When you make a call from the Verizon Hub, you do so over the voice over Internet protocol (VoIP) standard. Instead of using phone lines, these calls travel through broadband Internet connections. When you speak on a VoIP handset, the device sends the information across data lines the same way everything transfers on the Internet: in little pieces called packets. The packets travel across the network to the destination and reassemble. The person on the other end hears your speech. The process takes a fraction of a second.

There are some drawbacks to VoIP. The first is that it depends upon the reliability of your high-speed Internet connection. If your Internet connection isn't reliable, your phone calls will be choppy. It might be hard for you and the person with whom you're speaking to understand the conversation. Verizon recommends that you have a broadband connection capable of downloading data at 1.5 megabits per second at a minimum.

Another drawback is if you lose power, you won't be able to make any phone calls using the Verizon Hub. Unlike traditional phones, the Hub draws its power from power outlets rather than a phone line. If you lose power -- or if your broadband connection goes down -- your Hub will be out of service. That could become a serious problem if there's an emergency, which is why you should always have another phone -- cell phone or otherwise -- as a backup. Verizon has included a backup number feature that sends incoming calls to a backup number of your choice in the event of a power outage.

Verizon designed the Hub to work within the United States. While the Hub may work in other countries, Verizon stresses that using the device in an unauthorized location could violate local laws.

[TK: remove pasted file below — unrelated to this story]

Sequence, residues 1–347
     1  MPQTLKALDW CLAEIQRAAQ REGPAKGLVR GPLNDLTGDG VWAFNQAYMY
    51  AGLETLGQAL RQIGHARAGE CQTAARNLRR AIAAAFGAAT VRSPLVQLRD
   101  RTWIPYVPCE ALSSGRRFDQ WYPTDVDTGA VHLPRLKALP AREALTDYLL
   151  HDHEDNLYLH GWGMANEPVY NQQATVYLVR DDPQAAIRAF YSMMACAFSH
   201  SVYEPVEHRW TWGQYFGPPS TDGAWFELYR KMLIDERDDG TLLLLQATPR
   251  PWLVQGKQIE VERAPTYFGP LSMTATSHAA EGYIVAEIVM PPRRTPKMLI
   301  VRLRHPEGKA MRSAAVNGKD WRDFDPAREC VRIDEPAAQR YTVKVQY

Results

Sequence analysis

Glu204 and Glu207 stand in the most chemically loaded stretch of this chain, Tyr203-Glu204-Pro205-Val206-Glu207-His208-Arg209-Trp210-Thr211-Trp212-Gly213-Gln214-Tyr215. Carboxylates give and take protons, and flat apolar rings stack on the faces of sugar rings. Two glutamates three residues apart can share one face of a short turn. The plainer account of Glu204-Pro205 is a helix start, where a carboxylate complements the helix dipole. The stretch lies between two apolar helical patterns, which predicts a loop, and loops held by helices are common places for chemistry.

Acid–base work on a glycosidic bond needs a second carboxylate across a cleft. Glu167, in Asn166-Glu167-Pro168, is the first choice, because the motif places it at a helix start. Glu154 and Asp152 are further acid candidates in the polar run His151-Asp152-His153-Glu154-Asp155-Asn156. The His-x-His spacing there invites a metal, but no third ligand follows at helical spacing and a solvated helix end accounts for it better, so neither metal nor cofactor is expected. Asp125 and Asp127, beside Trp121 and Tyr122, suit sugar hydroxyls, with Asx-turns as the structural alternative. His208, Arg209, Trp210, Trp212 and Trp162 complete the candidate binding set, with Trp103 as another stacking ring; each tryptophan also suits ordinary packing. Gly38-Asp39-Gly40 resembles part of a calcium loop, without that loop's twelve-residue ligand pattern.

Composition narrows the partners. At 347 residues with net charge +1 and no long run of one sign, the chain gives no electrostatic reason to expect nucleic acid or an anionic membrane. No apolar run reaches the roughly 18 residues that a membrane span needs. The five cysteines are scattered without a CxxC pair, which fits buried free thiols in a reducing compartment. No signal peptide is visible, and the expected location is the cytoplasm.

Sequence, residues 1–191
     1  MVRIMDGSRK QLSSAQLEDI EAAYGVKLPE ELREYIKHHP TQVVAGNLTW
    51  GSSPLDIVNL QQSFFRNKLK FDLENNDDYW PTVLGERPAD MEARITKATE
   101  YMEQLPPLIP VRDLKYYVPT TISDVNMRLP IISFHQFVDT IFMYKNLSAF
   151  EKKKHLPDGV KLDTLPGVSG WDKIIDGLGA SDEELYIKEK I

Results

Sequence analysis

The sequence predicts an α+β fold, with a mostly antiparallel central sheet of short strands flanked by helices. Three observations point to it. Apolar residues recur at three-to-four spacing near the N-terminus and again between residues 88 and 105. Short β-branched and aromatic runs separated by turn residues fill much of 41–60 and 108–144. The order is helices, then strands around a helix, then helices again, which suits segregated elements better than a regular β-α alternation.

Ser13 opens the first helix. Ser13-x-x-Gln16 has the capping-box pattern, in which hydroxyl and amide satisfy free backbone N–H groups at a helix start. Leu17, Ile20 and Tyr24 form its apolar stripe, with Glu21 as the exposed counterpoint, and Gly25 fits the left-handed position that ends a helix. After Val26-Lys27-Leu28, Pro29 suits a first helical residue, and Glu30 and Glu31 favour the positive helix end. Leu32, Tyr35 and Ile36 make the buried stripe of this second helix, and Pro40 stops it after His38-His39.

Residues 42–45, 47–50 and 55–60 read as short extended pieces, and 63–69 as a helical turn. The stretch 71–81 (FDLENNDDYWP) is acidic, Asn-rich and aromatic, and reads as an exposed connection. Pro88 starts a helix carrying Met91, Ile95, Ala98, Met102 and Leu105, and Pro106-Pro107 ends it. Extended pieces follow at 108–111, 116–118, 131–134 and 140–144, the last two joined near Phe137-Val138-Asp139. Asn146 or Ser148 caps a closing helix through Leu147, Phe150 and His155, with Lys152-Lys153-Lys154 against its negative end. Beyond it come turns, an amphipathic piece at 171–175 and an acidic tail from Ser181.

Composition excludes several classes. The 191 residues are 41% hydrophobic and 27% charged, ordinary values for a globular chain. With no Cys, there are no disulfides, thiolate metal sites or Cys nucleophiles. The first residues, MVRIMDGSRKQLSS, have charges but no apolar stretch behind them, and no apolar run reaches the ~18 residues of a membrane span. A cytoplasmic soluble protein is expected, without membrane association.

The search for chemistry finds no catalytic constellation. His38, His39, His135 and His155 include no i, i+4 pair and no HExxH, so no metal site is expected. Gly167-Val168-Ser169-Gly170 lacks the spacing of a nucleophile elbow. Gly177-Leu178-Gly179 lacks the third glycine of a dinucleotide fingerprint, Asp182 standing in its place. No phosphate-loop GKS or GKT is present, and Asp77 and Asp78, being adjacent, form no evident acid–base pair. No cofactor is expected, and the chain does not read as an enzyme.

Verizon Hub Phone Features

Verizon Hub contact screen
With the Verizon Hub, you can manage up to 128 contacts, each with up to three different phone numbers.
Courtesy Verizon

The Verizon Hub has several additional call functions beyond the basic phone and intercom features. Some of them are familiar to cell phone users. For example, you can send and receive text and photo messages or view video messages from your Verizon Hub. But you can only send messages to Verizon Wireless phones.

The call forward function allows you to direct incoming calls to a different phone number. You can activate or deactivate the feature at any time. This can come in handy if you're expecting an important call but won't be home.


The simultaneous ring function is similar to call forwarding. First, you select up to three additional phone numbers using the Verizon Hub base. When you receive an incoming call after activating simultaneous ring, all the phones belonging to those numbers will ring. The Hub switches the call to whichever phone line picks up first.

Tired of getting interrupted by phone calls while watching your favorite television show? Set the Verizon Hub to do-not-disturb mode and all calls route to your voice mail. And you don't have to worry about missing an important call from a specific person, either. You can program specific numbers to ring through even if you activate the do-not-disturb feature. You can even set the Hub to ignore any anonymous calls.

You can also use the Hub to block calls from certain numbers. When you receive a call, the Hub's base will give you the option to answer the call, send it to voice mail or block it. If you choose to block it, that call will go to voice mail. But all future calls from that number will receive a message saying that no connection can be made to your phone.

Because the Verizon Hub uses VoIP, you must take special considerations into account when it comes to 911 calls. Most emergency response centers have trouble identifying the origin of VoIP calls. A call from a VoIP device might get routed to a center that's less convenient than another simply because the phone system can't be sure where the call originated.

To address this issue, Verizon requires users to set a location when setting up the Hub for the first time. The user must enter the address where the Hub will be used. That way, Verizon will be able to route the call to the appropriate emergency response center. It's important to remember that you must update this information if you move. Otherwise, emergency calls could go to the wrong center.


Verizon Hub Widgets

V CAST on the Verizon Hub
The Verizon Hub can play videos from the V CAST service at no additional charge.
Courtesy Verizon